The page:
Sunday Shorts

Froome Dolphin

Dauphin in French means dolpin but also runner-up so it’s fitting that Tour de France and Team Sky Number Two Chris Froome gets to dance with a dolphin in waters near Curaçao.

It’s all part of the end-of-season festivities on the Caribbean Dutch colony which conclude with two races The Amstel beer brand gets to promote a race and the holiday resort gets lots of publicity with happy-looking cyclists enjoying themselves in sunny weather. Technically the races are illegal for the pros. UCI rules say they can’t compete in unsanctioned competitions but nobody cares, it’s the rule that is at fault more than the riders.

Skins suit
From riders in beachwear to compressionwear firm Skins. The company that makes recovery clothing is now looking to squeeze the governing body for $2 million and if you don’t believe me, here’s the letter to the UCI from their lawyer.

I’m not sure where this will go, they say they invested in cycling after 2008 under the impression that it had been “fundamentally reformed” but surely they didn’t do their homework or, in corporate-speak, due diligence. A cursory glance at L’Equipe or would have told them about the ongoing problems. At the height of his powers Armstrong used his wealth to set lawyers on critics and this feels the same, the way the legal action is announced for public consumption feels like some viral marketing stunt. Still, if it goes to court we’ll see what happens and await the evidence. If they win others could seek redress too, claiming they too had suffered scandals that sapped sales? One to watch.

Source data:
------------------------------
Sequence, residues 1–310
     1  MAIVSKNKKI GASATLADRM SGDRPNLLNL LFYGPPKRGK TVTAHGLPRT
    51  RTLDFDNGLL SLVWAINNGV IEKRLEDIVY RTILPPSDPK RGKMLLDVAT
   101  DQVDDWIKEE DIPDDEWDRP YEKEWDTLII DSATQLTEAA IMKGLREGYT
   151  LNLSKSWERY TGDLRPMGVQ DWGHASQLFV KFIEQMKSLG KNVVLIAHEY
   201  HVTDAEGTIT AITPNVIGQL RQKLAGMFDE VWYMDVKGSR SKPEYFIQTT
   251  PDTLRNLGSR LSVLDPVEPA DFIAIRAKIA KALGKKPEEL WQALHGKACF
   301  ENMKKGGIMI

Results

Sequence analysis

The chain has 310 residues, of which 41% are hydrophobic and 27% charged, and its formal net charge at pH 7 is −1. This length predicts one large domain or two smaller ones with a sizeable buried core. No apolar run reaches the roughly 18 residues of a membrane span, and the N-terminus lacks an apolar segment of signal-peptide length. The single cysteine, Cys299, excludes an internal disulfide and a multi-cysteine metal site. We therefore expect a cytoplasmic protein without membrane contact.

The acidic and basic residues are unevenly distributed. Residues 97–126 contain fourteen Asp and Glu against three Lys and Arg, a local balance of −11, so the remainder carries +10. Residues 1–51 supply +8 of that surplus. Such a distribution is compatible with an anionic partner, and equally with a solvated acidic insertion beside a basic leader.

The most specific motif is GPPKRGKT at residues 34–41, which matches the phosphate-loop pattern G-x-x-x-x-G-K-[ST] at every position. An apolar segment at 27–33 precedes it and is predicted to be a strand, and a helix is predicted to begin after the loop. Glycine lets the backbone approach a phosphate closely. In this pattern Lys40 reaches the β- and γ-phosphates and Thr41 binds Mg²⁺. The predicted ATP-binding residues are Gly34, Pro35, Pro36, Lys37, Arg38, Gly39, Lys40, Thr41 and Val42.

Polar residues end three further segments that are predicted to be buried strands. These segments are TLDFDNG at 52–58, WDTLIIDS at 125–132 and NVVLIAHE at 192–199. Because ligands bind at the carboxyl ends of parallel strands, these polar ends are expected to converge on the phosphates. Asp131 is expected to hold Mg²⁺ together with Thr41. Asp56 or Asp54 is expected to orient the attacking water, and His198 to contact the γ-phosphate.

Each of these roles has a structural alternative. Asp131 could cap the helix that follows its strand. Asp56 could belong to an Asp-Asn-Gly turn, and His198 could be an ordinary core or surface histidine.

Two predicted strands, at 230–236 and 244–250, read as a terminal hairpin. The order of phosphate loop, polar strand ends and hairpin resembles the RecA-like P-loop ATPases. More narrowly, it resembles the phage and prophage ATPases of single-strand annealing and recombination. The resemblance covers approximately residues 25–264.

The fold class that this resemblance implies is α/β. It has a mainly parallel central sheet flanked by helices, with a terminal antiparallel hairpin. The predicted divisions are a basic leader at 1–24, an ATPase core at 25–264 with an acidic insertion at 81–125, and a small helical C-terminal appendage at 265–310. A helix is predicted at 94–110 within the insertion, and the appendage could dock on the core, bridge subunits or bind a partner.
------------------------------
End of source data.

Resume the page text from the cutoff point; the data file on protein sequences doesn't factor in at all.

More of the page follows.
Armstrong Appeal?
As ever the lawyers often end up the real winners. There’s been talk from “experts” that the USADA decision should be tested at the Court of Arbitration for Sport. Put aside the experts mention make a living from presenting appeals for a moment and the subject is complex but too boring for a full post. In short USADA did push its decision hard under the framework of the WADA and UCI rules. Take the statute of limitations which normally means you can’t go back more than eight years. Only USADA has set a precedent saying it could go back beyond this with the case of an athlete who was eventually caught for EPO but denied it the first time he was caught.

In some ways taking the Armstrong case to the CAS wouldn’t be a bad thing, to make sure the verdict is encased in legal concrete so it cannot pollute the sport any more. But the mere idea of it being appealed any further will have many expressing frustration. And the chances of appeal look even lower as yesterday WADA said it would not do this.

Armstrong Effigy Burned

One thing that’s too late too appeal is yesterday’s fire. Residents of a British town set fire to a giant effigy of Armstrong as part of annual celebrations. Every year they find a celebrity to humiliate and this year it was Armstrong’s turn.

Armstrong newspaper
If the fire had trouble starting yesterday the Brits could have used some of printed works of Doctor Edward Coyle as these might not have much other use today. Coyle spent time writing sports science articles about Lance Armstrong and his main hypothesis is that increased muscle efficiency helped Lance Armstrong on to winning more Tour de France titles but now we know otherwise. The list of articles that borrowed this idea is now amusing. Perhaps there were gains in muscle efficiency but it’s a cautionary tale that scientists often bring hypotheses rather than certainty.

In Vino Veritas?